Former national security adviser Michael Flynn has arrived at the federal courthouse in Washington ahead of his sentencing hearing. (Dec. 18)
WASHINGTON – A federal judge postponed sentencing Tuesday for Michael Flynn, President Donald Trump’s former national security adviser, after warning he might be incarcerated for lying to the FBI about Russia contacts.
Prosecutors and defense lawyers had each recommended no prison time because Flynn, a former Army lieutenant general, cooperated with Justice Department special counsel Robert Mueller.
But U.S. District Court Judge Emmet Sullivan asked prosecutors whether Flynn’s crime amounted to treason. Prosecutors said they hadn’t brought such charges.
“Arguably, you sold your country out,” Sullivan told a grim-faced Flynn. “I’m not hiding my disgust, my disdain.”
Sullivan also warned that he may consider sentencing Flynn to “a term of incarceration.” Sullivan set a status report in March.
Flynn faces a maximum punishment of five years in prison, three years of supervised release and a $250,000 fine.
In requesting the postponement, Flynn attorney Robert Kelner said his “client has held nothing back” in cooperating with prosecutors. But Kelner acknowledged the judge’s earlier cautions about proceeding to sentencing while Flynn’s cooperation was likely not yet complete.
Kelner said Flynn would likely be called to testify at future trials of two former business associates accused of illegal lobbying on behalf of the Turkish government.
“I’m not promising anything,” Sullivan told Kelner. “The court was just being upfront with you.”
Prosecutor Brandon Van Grack said the government’s recommendation for leniency was warranted, saying that Flynn had “taken full responsibility for his action.”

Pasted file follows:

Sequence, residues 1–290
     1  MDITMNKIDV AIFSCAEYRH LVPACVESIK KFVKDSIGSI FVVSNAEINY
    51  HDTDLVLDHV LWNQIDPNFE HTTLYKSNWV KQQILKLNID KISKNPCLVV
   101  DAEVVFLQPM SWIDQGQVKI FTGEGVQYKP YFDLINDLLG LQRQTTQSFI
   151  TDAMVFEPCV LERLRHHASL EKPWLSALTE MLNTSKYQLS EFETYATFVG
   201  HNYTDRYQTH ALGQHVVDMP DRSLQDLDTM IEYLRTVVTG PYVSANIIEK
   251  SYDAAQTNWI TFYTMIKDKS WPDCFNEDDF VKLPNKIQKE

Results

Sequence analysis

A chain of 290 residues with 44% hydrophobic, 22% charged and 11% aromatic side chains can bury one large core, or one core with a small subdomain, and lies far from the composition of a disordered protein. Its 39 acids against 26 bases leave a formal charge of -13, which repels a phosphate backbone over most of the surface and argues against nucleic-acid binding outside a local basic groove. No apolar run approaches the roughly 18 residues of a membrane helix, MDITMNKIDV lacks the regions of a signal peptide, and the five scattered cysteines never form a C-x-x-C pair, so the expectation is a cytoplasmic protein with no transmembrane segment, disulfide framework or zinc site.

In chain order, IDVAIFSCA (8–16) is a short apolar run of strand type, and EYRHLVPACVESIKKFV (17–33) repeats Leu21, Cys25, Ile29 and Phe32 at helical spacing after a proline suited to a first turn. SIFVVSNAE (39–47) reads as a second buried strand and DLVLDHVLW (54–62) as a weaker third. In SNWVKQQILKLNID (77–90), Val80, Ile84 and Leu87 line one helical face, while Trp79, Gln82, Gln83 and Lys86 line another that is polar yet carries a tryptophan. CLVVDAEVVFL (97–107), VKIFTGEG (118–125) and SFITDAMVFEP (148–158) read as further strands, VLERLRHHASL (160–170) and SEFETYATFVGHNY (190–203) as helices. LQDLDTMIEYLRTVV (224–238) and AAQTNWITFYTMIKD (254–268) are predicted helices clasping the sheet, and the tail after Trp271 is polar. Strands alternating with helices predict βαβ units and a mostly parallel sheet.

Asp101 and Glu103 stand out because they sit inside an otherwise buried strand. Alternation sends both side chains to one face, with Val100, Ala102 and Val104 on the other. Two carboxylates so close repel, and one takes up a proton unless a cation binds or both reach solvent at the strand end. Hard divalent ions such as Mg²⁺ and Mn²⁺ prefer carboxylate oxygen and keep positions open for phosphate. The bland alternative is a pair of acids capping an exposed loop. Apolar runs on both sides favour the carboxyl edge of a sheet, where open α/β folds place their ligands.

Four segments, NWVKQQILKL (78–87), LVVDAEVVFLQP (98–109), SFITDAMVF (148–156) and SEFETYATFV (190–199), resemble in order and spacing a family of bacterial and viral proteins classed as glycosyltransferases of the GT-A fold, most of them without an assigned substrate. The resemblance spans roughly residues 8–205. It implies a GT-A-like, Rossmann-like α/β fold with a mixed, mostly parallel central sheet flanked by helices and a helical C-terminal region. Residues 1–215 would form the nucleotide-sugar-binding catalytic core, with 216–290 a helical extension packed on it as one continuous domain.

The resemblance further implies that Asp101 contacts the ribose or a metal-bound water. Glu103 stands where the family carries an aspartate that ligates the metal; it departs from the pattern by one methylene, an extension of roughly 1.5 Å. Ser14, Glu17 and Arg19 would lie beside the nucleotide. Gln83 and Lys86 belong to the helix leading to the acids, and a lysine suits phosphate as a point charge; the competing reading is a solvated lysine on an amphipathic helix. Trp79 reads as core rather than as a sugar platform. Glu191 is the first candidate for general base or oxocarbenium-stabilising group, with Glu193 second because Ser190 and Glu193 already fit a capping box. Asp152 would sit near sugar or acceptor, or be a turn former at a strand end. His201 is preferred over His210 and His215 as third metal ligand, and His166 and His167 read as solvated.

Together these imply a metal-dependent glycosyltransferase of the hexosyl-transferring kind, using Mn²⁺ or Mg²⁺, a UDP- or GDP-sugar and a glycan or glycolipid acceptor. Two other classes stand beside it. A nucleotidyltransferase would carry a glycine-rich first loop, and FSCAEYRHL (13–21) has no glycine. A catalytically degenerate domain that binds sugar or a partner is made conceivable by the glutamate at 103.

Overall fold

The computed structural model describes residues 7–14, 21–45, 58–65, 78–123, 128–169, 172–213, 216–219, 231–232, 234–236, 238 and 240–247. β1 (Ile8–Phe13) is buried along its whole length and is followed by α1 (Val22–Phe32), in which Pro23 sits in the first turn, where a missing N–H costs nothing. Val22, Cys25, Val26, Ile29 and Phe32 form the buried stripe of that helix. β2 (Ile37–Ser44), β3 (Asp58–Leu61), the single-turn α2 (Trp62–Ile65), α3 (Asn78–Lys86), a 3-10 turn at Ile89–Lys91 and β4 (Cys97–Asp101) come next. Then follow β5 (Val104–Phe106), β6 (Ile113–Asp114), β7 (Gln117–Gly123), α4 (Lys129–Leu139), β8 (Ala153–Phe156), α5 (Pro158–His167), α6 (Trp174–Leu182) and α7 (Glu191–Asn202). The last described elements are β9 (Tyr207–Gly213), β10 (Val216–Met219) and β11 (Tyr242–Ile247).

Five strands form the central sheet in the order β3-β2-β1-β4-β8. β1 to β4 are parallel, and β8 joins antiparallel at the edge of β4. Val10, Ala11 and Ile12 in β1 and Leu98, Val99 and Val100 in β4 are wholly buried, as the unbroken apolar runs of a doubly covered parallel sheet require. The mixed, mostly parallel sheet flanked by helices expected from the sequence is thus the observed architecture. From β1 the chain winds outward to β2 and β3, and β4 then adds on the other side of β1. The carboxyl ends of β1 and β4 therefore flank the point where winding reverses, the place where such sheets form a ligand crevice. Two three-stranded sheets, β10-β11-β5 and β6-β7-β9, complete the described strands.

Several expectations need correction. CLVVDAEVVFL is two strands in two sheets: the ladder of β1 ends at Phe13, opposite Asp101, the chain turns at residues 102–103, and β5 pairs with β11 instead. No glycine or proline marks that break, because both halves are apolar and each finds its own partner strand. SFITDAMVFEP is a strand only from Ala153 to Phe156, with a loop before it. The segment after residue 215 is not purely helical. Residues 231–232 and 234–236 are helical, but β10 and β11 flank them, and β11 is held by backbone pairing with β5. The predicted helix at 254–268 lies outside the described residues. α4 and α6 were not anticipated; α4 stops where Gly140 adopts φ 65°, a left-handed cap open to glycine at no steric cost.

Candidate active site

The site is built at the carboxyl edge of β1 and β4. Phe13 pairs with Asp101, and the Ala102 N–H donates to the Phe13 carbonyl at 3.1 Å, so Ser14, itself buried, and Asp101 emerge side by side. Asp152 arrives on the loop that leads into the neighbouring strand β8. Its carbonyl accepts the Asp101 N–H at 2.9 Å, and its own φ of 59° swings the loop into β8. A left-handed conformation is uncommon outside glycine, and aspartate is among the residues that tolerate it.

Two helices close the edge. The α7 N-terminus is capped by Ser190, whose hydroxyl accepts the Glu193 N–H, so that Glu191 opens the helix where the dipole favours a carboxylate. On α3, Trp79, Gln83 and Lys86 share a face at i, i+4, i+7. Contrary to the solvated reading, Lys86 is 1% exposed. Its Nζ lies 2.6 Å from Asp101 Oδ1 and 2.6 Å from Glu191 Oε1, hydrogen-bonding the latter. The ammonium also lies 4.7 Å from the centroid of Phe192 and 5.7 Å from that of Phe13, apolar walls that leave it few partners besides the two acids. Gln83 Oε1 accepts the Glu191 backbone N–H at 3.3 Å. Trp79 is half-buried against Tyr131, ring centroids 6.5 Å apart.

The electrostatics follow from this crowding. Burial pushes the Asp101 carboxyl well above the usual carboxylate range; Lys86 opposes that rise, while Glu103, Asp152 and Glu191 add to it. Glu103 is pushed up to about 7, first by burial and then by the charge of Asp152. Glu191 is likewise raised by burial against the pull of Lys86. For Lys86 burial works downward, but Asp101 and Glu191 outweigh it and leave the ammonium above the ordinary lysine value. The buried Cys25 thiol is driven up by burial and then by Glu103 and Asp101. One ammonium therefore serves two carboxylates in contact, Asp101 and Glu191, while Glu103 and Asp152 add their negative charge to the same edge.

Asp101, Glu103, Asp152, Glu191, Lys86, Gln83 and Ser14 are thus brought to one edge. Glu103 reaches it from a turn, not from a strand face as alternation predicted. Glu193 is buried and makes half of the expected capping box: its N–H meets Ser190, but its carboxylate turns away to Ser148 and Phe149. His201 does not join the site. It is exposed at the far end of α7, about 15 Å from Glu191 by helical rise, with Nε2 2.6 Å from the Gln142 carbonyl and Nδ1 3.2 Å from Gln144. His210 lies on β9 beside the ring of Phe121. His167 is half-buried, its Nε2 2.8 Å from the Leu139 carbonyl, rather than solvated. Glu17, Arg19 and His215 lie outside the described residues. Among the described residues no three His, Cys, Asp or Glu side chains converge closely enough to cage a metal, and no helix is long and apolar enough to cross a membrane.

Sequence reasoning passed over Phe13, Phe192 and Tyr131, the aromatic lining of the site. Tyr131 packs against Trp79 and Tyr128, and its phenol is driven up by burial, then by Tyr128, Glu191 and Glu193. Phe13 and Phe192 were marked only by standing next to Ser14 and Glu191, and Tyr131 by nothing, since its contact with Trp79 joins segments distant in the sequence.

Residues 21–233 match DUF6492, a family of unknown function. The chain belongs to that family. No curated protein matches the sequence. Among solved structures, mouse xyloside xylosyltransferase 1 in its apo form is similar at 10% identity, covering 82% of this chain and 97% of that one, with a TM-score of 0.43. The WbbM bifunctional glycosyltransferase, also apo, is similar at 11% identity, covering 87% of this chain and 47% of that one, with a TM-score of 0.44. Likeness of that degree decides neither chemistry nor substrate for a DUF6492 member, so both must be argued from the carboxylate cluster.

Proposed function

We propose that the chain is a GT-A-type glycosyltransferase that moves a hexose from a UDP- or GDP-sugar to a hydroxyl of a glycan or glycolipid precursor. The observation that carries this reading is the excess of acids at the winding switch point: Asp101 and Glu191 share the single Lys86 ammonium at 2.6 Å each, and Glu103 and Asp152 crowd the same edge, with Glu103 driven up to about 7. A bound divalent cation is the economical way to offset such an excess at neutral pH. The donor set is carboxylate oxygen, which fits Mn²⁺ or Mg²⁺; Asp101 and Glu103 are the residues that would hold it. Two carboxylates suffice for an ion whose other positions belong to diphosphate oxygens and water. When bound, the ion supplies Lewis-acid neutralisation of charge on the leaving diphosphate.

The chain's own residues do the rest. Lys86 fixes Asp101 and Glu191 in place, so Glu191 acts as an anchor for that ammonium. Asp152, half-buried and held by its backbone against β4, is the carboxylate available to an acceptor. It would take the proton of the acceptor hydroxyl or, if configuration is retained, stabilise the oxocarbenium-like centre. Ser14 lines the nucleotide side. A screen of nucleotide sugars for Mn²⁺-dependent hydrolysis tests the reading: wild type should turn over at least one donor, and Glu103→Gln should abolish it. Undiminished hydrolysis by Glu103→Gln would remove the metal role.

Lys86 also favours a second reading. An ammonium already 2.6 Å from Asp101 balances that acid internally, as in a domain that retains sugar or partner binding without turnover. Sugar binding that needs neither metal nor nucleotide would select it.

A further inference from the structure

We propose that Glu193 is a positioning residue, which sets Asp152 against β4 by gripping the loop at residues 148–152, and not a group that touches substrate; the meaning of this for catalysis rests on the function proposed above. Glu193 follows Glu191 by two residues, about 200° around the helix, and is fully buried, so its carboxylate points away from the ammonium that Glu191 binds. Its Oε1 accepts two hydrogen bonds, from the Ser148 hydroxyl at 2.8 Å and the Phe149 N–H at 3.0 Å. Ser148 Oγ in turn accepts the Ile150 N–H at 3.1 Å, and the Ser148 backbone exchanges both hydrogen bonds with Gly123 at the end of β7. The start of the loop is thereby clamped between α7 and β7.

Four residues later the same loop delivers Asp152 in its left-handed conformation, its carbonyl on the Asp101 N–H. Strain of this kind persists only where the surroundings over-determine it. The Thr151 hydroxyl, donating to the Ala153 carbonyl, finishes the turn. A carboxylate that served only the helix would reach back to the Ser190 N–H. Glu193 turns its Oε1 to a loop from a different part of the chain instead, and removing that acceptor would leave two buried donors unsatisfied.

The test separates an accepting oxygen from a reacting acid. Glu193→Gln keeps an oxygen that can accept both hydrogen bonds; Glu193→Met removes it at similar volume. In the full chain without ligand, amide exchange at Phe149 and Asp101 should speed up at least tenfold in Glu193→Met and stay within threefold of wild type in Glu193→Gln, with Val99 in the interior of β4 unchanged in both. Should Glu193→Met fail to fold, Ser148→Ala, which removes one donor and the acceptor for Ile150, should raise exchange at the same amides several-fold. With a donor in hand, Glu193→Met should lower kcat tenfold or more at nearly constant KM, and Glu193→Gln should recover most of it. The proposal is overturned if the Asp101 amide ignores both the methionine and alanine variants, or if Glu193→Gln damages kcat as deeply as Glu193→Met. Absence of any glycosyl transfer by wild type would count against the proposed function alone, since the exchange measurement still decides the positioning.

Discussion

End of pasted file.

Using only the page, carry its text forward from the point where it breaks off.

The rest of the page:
Prosecutors said it was possible Flynn’s further assistance would be needed in ongoing investigations.
As part of his plea, Flynn also had admitted to lying about Turkish lobbying and research work. He belatedly registered with the Justice Department as a foreign agent for the work weeks after he left the White House.
On Monday, federal prosecutors in Virginia charged two of Flynn’s business associates in an illegal, covert effort to conceal the government of Turkey’s effort to win the extradition of a Turkish cleric living in the United States.
Absent the plea agreement, Van Grack said Flynn likely would have charged in that case.
Sullivan adjourned the extraordinary session with one additional comment: “happy holidays.”
Flynn, accompanied by his wife, left the the courthouse, walking through a gantlet of protesters to a waiting car without comment.
The decision to postpone sentencing came after Sullivan ordered a 15-minute recess, to allow Flynn to confer with his lawyers.
“This is a very serious offense,” Sullivan said, noting that Flynn made the false statements to the FBI on “the premises of the White House.”
But after the break, Sullivan said that he had not meant to imply that Flynn had committed treason when he earlier asked prosecutors whether they had considered bringing such an offense.
“Don’t read too much into my questions,” the judge told the court.
Sarah Sanders, the White House press secretary, suggested Tuesday on Fox News Channel’s America’s Newsroom that FBI violated protocols in interviewing Flynn.
“Look, we’re arguing that he was certainly ambushed and that the FBI, that we know, had clear political bias, we’ve seen that time and time again,” Sanders said.
A federal judge ordered former national security adviser Michael Flynn and special counsel Robert Mueller to turn over documents that describe Flynn’s interview with FBI agents in January 2017.
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